In the last sentence of the word problem, I believe you mean 25% more than how many were killed in 2003 no matter how many people altogether there were then. To determine how many more by percentage, you determine the percentage (%) of the entire number
so that you can use this plus (+)...
If any of the kids have started school yet, you are welcome to check your e-mail since I have sent e-mails to a few contacts to whom I have submitted applications. After all, I have been practicing presenting math tutoring concepts to show off my skills.
You are welcome to read my blogs and answers to questions to see how I have done in them. This is my best way to prove how I would be good...
Hi Courtney! I see that you have an equation of -4y-(5y+6)=-7y+3. Here's how you solve it:
1. Use the acronym PEMDAS (Parentheses, Exponents, Multiplication, Division, Addition, Subtraction).
2. Ask yourself about each of these operations to show your work like this:
Here's a sample addition problem of 2 2-digit numbers:
Referring to that problem above, on a piece of paper, I would make 6 and 8 dots for the place value of ones and 3 and 4 vertical lines for the place value of tens. This would help any kid understand the structure of each number so that he or she could
learn how to add them. To prove that the...
Yes, there is only one way. Let's say for example that we have a fraction of 2/3. Now, the bottom number is the denominator which means the number of equal parts into which a whole circle most specifically is divided. So the circle is divided into 3 equal
parts. On the other hand, the top number is the numerator which means how many equal parts out of all of them are lightly shaded inside...
Well, there are two exceptions to this question. X cannot be 0 or 1 because 0*0=0, and 1*1=1. No matter how many times you multiply 0 by itself, you will always get 0, and no matter how many times you multiply 1 by itself, you will always get 1. That's
why the power of x will never change its value if x is 0 or 1. Now that we realize the two exceptions of 0 and 1 for x, x would have to be in...
+3/8=+3/8 Add 3/8 to both sides to eliminate -3/8 on the left side.
n=1/8+3/8 Fraction addition with a common denominator.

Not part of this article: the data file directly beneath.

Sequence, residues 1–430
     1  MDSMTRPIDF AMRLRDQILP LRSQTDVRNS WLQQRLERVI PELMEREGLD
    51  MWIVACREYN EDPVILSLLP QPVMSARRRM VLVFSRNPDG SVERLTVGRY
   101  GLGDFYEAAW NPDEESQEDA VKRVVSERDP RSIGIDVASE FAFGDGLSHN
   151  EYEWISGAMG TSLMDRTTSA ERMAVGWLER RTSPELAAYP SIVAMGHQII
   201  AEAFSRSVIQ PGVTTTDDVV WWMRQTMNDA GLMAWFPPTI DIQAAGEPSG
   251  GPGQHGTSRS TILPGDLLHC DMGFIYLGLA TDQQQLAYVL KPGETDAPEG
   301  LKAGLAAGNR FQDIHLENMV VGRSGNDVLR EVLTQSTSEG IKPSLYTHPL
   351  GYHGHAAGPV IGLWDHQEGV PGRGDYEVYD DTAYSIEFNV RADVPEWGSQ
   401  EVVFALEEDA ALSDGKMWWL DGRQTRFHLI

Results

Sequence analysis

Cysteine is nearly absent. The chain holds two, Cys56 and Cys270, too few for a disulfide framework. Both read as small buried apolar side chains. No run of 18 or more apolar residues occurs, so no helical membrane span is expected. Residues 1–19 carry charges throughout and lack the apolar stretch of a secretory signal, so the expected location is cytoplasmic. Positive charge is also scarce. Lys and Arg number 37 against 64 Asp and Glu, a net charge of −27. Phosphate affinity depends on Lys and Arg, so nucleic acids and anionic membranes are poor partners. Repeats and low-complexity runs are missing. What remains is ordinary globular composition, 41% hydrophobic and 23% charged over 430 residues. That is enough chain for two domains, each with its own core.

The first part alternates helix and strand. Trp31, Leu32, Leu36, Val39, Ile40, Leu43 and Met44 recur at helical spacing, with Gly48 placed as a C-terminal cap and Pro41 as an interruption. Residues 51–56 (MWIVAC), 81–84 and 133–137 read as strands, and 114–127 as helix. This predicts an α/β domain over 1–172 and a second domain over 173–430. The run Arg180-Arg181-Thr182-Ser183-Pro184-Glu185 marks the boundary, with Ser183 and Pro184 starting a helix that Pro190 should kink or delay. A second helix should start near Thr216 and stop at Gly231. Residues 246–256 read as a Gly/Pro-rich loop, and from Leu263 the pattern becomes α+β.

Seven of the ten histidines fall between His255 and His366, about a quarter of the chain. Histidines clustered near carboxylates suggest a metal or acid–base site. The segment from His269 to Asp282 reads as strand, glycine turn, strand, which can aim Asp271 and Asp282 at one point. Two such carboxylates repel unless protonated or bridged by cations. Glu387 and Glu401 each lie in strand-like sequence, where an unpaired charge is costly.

n=4/8=1/2 Final fraction answer in lowest terms since the GCF between the numerator and denominator is 4....
The fraction 15/17 means that a whole is divided into 17 equal parts according to the denominator, and only 15 of those 17 equal parts are seen according to the numerator. Since the numerator 15 is smaller than the denominator 17, that means 15/17 is a
proper fraction. Now, if all 17 equal...
How to add or subtract fractions:
1. Look at the denominators. Are they the same or are they different?
2. If they are different, then that means each fraction is divided into different numbers of equal parts -- so different that you won't know how many equal parts you will end up with...
This word problem is about a triangle whose perimeter is 47 miles. Since it's asking to find the length of each side, then there are 3 unknowns. So here's what we do:
Let the variables S1 be the length of side 1 in miles,
S2 be the length of side 2 in miles,
and S3 be the length of...
This word problem is talking about two guys, Dave and Rick, and their ages. Since their ages are what we are looking for, we will assign two variables, D for Dave's age and R for Rick's age. The equations are as follows:
D = 2*R Dave is now twice as old as Rick.
We have a triangle with unknown lengths of each side. So we will assign 3 variables for all 3 sides of our triangle.
Let s1 = side 1, s2 = side 2, and s3 = side 3.
If you have 4 tens and 19 ones after regrouping, it will look funny when you express it like this:
4 tens 19 ones unlike
1 ten and 9 ones (19)
The reason it looks funny is that you cannot have two digits in one place because there are only 10 digits between 0 and 9 that can go...
Now, the main unknown here is "the # of adult tickets." Another thing that's unknown is the "the # of children's tickets." So, we will assign 2 variables as follows:
Let a = # of adult tickets
and c = # of children's tickets.
The next step is to set up the equations out of the...